Ireland’s debt equates to €47,000 for every man, woman and child

CSO figures show Government debt rose last year as spending on supports continued

The State's national debt rose to €236.3 billion in the third quarter of last year, up from €227 billion 12 months earlier, as spending on wage and other pandemic-related supports continued to weigh on public finances, according to the Central Statistics Office (CSO).

This equates to €47,144 for every individual in the State, and €95,607 per worker.

Even with the rapid turnaround in employment and growth, Ireland still has one of the highest per capita debt levels in the world, leaving the economy here more vulnerable to shocks.

The Department of Finance’s chief economist, John McCarthy, has warned that the Irish economy is in a “finely balanced position”, and that budgetary policy would have “to walk a fine line” between supporting the economy and ensuring fiscal sustainability.


The State’s national debt would have to be refinanced in the coming years potentially at higher borrowing rates, he said, while market sentiment towards Ireland, which remains positive, could change rapidly.

The €236 billion debt figure was 57.6 per cent of gross domestic product (GDP), down from 61.2 per cent at the end of the same quarter in 2020.

The reduction in the debt ratio was driven entirely by the increase in GDP: the overall debt was up by €9.1 billion in the same period.

Tax revenues

The CSO figures also show the Government’s budget deficit – the difference between what it spends and what it takes in in taxes – was €2.9 billion in the quarter. This represented an improvement on the €3.6 billion for the same quarter in 2020, driven primarily by an increase in tax revenues.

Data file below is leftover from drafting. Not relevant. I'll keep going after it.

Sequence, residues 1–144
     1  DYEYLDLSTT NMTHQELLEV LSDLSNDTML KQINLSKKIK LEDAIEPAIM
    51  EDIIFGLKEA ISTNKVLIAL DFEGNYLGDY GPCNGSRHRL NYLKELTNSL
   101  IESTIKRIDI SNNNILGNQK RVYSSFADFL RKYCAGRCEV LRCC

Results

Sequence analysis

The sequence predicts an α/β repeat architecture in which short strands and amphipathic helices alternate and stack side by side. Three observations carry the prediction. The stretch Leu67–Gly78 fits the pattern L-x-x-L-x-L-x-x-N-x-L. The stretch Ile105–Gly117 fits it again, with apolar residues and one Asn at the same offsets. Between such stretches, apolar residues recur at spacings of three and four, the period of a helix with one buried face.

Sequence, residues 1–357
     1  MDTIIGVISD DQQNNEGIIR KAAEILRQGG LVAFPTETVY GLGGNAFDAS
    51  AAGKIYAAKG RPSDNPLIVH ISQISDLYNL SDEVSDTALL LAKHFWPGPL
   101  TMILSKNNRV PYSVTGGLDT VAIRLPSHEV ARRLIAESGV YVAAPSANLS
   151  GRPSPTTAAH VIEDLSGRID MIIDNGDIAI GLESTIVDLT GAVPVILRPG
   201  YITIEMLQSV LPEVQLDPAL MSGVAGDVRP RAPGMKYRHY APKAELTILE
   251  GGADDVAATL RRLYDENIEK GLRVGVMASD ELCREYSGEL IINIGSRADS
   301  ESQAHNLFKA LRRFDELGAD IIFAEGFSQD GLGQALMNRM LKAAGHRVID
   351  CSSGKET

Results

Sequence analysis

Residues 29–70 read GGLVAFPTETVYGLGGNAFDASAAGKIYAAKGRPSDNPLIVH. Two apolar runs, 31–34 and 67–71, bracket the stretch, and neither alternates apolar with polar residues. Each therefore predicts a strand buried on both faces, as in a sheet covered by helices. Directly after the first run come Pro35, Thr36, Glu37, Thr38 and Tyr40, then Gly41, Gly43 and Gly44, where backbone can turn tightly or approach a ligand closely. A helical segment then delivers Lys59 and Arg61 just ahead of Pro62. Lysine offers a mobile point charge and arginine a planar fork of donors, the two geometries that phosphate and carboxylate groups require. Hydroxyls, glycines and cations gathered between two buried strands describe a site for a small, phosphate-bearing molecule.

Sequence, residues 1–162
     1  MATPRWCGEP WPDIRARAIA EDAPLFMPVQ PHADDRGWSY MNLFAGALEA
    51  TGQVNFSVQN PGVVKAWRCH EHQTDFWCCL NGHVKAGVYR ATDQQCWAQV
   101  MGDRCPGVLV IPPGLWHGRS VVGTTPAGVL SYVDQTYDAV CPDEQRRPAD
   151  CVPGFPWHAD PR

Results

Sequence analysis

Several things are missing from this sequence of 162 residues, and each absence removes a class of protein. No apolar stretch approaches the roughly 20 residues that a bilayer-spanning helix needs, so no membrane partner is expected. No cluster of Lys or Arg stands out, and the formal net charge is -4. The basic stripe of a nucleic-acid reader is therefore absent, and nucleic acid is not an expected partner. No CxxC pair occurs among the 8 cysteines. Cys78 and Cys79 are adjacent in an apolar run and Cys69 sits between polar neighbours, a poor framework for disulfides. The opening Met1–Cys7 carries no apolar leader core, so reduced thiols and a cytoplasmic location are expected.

The Government’s year-end budget deficit is expected to be under €10 billion this year compared to the expectation of €20 billion at the start of the year.

Expenditure on Covid-19 measures during the quarter amounted to €2.6 billion, which was €1.7 billion less than in the same period of 2020. The reduction was mainly due to lower spending on the Pandemic Unemployment Payment (PUP), which fell to €600 million as restrictions continued to ease throughout the quarter.

Following the reintroduction of restrictions on December 7th last, however, the Government was forced to reopen the PUP scheme, which had been closed to new entrants. The rise in PUP registrations was the main driver of the increased unemployment rate in December, which passed 7 per cent.

Eoin Burke-Kennedy

Eoin Burke-Kennedy

Eoin Burke-Kennedy is Economics Correspondent of The Irish Times